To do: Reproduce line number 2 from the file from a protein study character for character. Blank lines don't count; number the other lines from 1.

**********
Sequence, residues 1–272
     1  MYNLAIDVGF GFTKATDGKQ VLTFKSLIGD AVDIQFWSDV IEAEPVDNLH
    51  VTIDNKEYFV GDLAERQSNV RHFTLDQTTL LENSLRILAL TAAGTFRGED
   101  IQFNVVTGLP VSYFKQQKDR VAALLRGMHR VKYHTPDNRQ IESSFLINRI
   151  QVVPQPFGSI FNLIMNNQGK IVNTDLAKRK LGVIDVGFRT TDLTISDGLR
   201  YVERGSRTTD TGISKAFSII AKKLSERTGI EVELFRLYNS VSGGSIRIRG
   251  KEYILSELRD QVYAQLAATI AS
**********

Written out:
     1  MYNLAIDVGF GFTKATDGKQ VLTFKSLIGD AVDIQFWSDV IEAEPVDNLH